In the example illustrated in Figure 2, the wafer is glued on a temporary carrier to support it during the thinning process. The thickness of four material layers is simultaneously measured by combining two interferometric point sensors that use time-domain analysis to control all layers from both sides of the structure. The integrated visual capability of the measurement sensors allows the identification of the embedded target non-visible at the surface by looking for its pattern at sub-micrometer precision through the silicon with near infra-red (NIR) microscopy.
The measurement capability is reached on a stack that includes transparent material like Si or adhesive, and opaque material like metals, where thicknesses for each layer may vary from a few microns up to almost a millimeter. On a metrology tool only capable of addressing one-layer thickness at the time with a dedicated technique, this would require stopping the wafer. Today, however, the device maker can choose metrology platforms like the TMAP Series from Unity-SC, which combines complementary technologies and an optimized optical design to address all the metrology control in one single step. This translates to a considerable reduction in operational cost for the device maker.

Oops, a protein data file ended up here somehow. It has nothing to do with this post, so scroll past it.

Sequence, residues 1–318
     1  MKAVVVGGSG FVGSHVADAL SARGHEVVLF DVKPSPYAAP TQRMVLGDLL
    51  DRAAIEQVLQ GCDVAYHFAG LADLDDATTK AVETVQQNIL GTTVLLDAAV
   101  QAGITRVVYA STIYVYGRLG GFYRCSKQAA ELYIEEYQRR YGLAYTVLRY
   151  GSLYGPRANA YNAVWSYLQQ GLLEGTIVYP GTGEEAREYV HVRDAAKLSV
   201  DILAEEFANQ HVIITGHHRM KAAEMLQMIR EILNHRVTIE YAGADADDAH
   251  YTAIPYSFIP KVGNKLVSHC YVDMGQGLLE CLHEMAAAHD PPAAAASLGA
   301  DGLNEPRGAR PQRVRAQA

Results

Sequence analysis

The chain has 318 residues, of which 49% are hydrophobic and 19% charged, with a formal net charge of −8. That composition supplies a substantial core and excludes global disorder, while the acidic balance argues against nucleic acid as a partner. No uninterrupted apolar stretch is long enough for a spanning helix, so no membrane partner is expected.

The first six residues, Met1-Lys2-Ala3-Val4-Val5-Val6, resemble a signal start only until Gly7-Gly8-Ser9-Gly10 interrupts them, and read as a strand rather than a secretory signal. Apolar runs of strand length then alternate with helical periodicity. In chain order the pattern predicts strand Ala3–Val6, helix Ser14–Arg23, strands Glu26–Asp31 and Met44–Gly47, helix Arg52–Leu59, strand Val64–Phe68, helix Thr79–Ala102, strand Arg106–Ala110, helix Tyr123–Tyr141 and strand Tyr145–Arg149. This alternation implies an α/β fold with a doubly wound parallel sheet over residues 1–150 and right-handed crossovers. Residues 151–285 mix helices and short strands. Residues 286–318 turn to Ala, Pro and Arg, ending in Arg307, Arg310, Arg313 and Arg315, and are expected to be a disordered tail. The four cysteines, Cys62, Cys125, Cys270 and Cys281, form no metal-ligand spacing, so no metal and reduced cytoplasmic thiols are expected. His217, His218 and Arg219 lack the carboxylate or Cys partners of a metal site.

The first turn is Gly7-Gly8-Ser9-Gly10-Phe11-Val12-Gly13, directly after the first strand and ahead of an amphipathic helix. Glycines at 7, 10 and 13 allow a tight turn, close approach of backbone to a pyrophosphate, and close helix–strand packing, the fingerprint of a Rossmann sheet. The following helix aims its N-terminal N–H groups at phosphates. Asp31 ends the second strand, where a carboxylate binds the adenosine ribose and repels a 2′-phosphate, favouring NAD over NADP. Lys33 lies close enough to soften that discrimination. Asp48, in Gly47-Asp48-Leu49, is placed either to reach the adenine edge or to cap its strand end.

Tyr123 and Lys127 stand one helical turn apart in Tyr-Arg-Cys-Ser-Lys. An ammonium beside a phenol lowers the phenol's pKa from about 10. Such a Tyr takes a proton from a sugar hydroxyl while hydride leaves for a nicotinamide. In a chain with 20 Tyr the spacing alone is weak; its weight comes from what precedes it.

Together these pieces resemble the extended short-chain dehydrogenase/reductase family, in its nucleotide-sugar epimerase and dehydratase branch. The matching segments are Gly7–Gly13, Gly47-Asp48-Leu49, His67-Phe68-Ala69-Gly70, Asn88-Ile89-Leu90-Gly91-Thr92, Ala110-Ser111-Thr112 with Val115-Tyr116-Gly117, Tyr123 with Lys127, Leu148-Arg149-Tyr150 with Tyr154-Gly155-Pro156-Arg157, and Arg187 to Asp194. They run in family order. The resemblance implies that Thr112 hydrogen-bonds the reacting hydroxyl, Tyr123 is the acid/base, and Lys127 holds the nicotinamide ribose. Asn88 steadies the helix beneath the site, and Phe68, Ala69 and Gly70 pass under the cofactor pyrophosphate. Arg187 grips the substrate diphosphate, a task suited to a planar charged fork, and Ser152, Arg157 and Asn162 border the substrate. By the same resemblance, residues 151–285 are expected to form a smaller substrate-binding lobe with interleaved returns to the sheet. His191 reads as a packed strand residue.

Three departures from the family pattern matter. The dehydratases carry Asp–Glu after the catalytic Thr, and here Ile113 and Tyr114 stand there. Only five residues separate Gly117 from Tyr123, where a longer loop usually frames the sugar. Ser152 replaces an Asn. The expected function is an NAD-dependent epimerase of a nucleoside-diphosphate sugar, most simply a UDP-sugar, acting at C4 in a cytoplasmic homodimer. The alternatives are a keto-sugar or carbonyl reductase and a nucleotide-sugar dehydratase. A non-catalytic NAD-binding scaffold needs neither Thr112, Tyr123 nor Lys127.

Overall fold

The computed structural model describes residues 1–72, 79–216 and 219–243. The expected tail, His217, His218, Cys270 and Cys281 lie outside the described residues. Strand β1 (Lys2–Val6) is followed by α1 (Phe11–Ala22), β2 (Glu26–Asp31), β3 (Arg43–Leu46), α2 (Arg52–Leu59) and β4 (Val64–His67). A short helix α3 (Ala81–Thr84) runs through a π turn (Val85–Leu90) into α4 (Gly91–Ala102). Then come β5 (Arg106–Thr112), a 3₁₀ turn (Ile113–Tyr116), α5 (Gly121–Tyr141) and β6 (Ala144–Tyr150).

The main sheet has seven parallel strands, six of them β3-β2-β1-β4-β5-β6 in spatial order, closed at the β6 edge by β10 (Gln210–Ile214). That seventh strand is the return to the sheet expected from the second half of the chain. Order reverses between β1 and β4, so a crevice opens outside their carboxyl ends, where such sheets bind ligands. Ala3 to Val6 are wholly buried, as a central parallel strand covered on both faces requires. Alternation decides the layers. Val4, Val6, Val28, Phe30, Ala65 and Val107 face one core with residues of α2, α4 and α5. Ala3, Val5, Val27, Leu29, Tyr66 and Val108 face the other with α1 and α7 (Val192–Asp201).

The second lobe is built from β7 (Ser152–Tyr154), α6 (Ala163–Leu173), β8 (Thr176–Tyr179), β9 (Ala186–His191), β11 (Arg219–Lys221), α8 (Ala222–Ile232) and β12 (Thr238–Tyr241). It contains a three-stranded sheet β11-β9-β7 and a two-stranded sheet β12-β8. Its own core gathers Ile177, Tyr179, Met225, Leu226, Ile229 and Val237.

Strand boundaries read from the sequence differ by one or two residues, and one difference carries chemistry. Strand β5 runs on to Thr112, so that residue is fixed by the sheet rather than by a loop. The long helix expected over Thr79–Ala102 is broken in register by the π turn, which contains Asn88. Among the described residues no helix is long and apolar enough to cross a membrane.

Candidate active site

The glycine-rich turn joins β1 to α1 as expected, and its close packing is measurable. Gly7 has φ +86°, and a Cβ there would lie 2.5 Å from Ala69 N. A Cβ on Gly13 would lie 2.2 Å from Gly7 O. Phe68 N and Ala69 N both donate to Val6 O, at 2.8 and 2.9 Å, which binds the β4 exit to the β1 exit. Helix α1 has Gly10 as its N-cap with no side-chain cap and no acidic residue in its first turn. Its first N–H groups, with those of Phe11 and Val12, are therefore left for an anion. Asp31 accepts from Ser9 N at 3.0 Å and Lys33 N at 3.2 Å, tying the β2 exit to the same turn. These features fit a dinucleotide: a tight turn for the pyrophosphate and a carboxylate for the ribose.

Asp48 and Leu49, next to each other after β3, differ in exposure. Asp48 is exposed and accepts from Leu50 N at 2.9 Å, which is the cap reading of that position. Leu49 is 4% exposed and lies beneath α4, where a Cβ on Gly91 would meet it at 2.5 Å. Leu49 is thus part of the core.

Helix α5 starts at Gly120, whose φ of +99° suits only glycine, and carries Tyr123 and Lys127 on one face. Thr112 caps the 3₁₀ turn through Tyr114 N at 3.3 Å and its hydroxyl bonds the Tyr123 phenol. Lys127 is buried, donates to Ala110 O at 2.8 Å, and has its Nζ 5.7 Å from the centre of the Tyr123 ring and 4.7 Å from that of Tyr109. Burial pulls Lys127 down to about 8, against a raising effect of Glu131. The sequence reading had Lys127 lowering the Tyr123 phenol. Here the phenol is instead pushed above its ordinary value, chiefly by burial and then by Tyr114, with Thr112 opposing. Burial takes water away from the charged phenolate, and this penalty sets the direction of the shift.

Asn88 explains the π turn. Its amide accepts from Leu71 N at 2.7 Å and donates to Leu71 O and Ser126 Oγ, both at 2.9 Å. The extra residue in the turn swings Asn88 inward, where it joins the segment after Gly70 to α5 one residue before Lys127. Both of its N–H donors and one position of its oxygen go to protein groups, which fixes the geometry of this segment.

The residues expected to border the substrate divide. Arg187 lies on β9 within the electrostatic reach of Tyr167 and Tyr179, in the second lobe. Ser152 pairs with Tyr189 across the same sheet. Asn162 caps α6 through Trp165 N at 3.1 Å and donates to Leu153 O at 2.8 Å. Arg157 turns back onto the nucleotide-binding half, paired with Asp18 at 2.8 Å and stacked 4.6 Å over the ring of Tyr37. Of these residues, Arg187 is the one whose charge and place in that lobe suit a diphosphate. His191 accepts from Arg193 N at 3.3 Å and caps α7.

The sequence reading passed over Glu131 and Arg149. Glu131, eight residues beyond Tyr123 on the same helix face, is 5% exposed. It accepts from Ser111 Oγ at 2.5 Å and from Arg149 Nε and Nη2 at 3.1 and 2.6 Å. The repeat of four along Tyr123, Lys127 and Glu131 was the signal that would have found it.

Using complementary information gathered while measuring the thickness, the TMAP series can quantify the bow/warp and the total thickness variation (TTV) of the bonded wafer and prevent the wafer from continuing through the production line if it is no longer within the specifications. This avoids wafer breakage in the fab that incurs costly equipment downtime.
Backside thinning quality control
The aggressive backside thinning process needed to reduce package size has the potential to introduce latent defects that might cause device failure even years later after its fabrication. Traditional automatic optical inspection systems are not sensitive enough to catch killer defects with very low optical contrast.
Unity-SC has developed proprietary detection technologies capable of detecting all critical anomalies. For example, phase shift deflection (PSD) is a powerful technique that guarantees detection of topographic defects in a height range of only a few nanometers and at an inspection rate of 100wph.